Ernest Shackleton was an Antarctic explorer who led three expeditions exploring Antartica. Shackleton is most well known for his Trans-Antarctic expedition because, despite being unsuccessful, he guided his crew to safety through remarkable perseverance. "Endurance," by Alfred Lansing, tells the story of Shackleton and his crew's incredible journey. The title is a reference to the name Shackleton gave his ship, in keeping with his motto "by endurance we conquer" (Lansing,17). Shackleton's endurance through trying times makes him not only a great leader, but a paragon of grit. Duckworth emphasizes the importance of persevering towards your goals despite setbacks: "Enthusiasm is common. Endurance is rare"(Duckworth, 58). After they were forced to abandon ship, Shackleton and his crew faced extremely difficult challenges such as wind storms, freezing temperatures, starvation, and dehydration. Shackleton persevered through these hardships while inspiring his crew to remain positive in their survival. While Shackleton demonstrated grit and hope towards his crew, he privately battled anxieties over his responsibility over his crew's safety: "He was careful, however, not to betray his disappointment to the men, and he cheerfully supervised the routine of readying the ship for the long winter's night ahead" (Lansing, 41). Duckworth emphasizes the importance of actions over words when demonstrating hope. Demonstrating hope through actions is important for leaders and parents because, as Duckworth states, "Children have never been very good at listening to their elders, but they have never failed to imitate them" (Duckworth, 183). Throughout the book "Grit," Duckworth explains that, while in troubling times it's only natural to have moments of doubt, the way you respond to those moments show how gritty you are. Shackleton's perseverance through challenging times towards his goal of his crew's survival as well as his ability to inspire hope and positivity through his actions makes him not only a great leader, but a paragon of grit as well.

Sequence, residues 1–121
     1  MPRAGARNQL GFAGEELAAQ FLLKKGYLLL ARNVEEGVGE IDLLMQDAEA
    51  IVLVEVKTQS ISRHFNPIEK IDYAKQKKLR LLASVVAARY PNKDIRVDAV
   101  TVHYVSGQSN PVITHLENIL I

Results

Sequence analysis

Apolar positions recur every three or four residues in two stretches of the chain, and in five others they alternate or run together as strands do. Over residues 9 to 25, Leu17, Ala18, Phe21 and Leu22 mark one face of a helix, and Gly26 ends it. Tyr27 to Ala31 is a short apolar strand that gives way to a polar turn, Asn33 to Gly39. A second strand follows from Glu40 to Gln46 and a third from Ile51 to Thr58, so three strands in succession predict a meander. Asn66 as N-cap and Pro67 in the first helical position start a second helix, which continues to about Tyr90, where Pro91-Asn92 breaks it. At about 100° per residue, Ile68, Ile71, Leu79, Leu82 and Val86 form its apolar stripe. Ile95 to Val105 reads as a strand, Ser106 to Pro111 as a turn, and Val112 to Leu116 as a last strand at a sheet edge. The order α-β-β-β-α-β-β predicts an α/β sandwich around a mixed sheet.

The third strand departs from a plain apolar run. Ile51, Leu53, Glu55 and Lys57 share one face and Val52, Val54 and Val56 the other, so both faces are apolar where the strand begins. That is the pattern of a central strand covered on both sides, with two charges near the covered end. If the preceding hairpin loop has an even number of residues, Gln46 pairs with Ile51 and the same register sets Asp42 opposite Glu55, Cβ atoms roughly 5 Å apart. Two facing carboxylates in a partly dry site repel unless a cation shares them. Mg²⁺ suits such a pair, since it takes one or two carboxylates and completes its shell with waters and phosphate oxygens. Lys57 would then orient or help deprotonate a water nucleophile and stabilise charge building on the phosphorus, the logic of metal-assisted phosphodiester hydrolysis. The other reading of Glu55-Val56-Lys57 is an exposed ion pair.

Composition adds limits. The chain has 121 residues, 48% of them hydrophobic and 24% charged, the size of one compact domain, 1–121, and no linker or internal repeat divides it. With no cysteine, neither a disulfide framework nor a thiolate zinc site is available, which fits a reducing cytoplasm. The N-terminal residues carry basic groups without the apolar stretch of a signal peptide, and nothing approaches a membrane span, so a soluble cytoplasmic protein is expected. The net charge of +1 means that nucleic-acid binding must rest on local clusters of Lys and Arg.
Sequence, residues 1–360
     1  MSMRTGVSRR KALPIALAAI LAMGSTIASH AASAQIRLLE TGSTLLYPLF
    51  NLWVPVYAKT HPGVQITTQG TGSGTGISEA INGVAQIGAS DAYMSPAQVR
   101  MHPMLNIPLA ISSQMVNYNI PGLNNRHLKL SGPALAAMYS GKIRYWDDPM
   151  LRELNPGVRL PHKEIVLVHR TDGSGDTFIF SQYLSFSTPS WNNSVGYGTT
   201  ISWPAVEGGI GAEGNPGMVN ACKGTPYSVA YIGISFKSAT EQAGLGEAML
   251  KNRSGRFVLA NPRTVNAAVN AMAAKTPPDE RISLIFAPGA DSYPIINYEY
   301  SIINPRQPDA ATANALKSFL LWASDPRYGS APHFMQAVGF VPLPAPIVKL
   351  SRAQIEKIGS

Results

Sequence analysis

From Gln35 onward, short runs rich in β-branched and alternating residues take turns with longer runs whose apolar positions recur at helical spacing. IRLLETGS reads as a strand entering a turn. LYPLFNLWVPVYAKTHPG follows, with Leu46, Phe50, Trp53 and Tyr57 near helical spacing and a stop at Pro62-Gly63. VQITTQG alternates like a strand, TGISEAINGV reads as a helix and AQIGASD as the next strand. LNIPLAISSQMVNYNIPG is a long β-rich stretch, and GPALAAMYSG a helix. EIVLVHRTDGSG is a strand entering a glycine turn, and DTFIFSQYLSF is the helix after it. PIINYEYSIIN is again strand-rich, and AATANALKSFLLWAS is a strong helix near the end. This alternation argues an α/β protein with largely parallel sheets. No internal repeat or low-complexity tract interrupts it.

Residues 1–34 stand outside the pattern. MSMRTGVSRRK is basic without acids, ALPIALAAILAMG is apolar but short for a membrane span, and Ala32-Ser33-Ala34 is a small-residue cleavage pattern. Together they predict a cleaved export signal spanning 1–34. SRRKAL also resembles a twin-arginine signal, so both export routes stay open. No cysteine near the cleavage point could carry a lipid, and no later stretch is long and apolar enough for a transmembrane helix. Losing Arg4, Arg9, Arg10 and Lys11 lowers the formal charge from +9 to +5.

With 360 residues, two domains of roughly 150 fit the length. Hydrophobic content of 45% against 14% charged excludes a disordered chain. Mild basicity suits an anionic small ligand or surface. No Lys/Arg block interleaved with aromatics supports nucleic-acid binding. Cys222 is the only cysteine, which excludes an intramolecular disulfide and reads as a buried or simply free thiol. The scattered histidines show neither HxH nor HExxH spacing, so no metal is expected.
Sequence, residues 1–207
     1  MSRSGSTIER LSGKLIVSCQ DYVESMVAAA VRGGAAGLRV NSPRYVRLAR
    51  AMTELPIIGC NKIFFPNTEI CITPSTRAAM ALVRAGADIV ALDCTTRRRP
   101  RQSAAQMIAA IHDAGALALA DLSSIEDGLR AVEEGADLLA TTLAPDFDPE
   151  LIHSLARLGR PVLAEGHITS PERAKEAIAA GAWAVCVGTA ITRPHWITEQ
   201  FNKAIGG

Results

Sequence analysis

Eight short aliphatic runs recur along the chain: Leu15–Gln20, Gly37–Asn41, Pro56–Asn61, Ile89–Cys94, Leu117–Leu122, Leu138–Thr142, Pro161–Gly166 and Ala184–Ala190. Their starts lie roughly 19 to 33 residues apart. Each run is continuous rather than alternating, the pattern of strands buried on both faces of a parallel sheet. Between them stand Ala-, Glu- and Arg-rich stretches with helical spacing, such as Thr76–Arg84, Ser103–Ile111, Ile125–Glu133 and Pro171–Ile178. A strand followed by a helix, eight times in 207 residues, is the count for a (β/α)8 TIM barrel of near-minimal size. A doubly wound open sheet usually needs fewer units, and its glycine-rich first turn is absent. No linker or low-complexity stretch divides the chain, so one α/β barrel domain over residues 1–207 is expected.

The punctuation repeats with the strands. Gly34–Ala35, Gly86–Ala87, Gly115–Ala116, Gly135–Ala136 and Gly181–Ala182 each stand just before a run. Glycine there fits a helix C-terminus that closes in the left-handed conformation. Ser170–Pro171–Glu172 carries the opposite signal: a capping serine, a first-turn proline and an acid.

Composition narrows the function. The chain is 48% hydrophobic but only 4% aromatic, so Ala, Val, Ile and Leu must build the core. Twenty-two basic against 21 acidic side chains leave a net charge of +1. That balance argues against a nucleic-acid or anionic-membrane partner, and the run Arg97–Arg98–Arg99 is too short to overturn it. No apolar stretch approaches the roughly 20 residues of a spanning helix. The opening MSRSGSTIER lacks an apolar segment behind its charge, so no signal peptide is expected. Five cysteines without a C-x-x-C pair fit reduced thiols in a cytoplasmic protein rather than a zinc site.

"Grit: The Power of Passion and Perseverance" by Angela Duckworth was an uplifting and enjoyable read that left me with a changed outlook on my own ability to succeed. Duckworth shares her own story realizing that misconceptions on knowledge were holding her back in a friendly, relatable tone that allows the reader the comfort to be vulnerable with their own insecurities. Duckworth's use of the "How Gritty Are You" quiz to directly address negative feelings brushed up for the reader was my favorite part of the book because it really impacted my mindset. After learning that grit grows inside of you, I was interested to learn about the assets shared by paragons of grit. Ernest Shackleton demonstrates grit throughout his leadership on his Trans-Antarctic expedition; written about in the book "Endurance" by Alfred Lansing. I was reminded of Shackleton while reading Duckworth's description of gritty leaders. For anyone who struggles with poor self-esteem intervening with success, I recommend reading "Grit."
Lansing, Alfred. Endurance. Basic Books, 2014.
Duckworth, Angela. Grit: The Power of Passion and Perseverance. Scribner, 2016.